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Speaking at last week’s Security Analyst Summit in February 2016, Scott Erven, a medical device security advocate described how medical devices are putting hospital networks and patient data at risk.

Erven reported that hundreds of hospitals, clinics, and health centers were vulnerable to attack because of medical devices that were exposed to the internet. Further, these devices exhibited numerous vulnerabilities including out-of-date operating systems and weak, hard-coded credentials.

A variety of devices are vulnerable, Erven stated, including cardiology systems, infusion systems, MRI machines, and nuclear medicine systems. Once compromised, these devices could allow an attacker to “easily pivot onto the network.”

To understand the kinds of attacks these medical devices were exposed to, Erven built a series of 10 honeypots, each designed to mimic a different device.

Erven saw  “a staggering number” of successful SSH logins — 55,416 in all — resulting in 299 samples of malware being dropped. Most originated from China, Korea and the Netherlands.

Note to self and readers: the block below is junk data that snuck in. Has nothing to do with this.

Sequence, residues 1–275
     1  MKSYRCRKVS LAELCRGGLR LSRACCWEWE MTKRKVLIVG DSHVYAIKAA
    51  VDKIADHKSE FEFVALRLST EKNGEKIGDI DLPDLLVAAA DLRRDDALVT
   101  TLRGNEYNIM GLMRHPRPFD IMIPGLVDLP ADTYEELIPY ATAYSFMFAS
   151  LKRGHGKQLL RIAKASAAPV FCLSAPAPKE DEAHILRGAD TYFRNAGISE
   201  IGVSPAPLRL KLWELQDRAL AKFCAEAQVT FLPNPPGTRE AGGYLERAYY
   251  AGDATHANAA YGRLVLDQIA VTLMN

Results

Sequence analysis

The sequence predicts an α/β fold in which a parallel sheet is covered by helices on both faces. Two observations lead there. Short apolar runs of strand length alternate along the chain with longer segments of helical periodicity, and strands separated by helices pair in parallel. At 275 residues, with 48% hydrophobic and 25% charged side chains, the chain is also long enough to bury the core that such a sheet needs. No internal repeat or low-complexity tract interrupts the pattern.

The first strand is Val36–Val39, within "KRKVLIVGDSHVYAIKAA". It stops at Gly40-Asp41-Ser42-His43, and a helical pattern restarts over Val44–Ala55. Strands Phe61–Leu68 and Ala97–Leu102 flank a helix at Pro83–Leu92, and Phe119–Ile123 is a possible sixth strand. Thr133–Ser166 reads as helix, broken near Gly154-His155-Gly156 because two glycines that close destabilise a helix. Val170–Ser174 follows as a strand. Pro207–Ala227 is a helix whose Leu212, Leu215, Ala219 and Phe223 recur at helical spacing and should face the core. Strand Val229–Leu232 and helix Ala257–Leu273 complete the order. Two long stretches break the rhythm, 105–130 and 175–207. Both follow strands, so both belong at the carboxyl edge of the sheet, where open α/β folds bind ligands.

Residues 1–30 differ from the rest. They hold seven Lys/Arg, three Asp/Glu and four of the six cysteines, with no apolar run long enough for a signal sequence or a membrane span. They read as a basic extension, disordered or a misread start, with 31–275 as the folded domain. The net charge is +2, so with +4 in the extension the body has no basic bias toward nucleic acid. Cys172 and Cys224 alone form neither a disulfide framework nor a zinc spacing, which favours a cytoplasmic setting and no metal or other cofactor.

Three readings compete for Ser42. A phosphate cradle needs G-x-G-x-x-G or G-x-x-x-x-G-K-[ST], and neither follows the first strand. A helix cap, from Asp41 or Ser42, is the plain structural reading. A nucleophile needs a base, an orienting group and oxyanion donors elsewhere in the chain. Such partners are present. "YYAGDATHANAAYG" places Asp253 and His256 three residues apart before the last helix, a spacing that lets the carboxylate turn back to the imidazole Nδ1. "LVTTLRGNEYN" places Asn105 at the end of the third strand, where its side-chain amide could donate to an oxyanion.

Erven’s research demonstrates how hospital IT departments cannot be relied on to protect medical devices from outside attack.  At the same time, the Food and Drug Administration’s recent cybersecurity guidance demonstrates it intends to hold medical device manufacturers accountable.

Medical device manufacturers need a better way to secure their devices because, as Erven states, “Every sociopath on the internet is your next door neighbor.”

Running an SSH daemon on a medical device is inherently insecure. Medical devices that use iTivity for remote access and support are impervious to SSH attacks.

iTivity is used to support thousands of medical devices every day without incident. iTivity can be deeply integrated into both Windows and Linux devices to provide a host of security capabilities beyond secure remote access. Contact iTivity to learn more.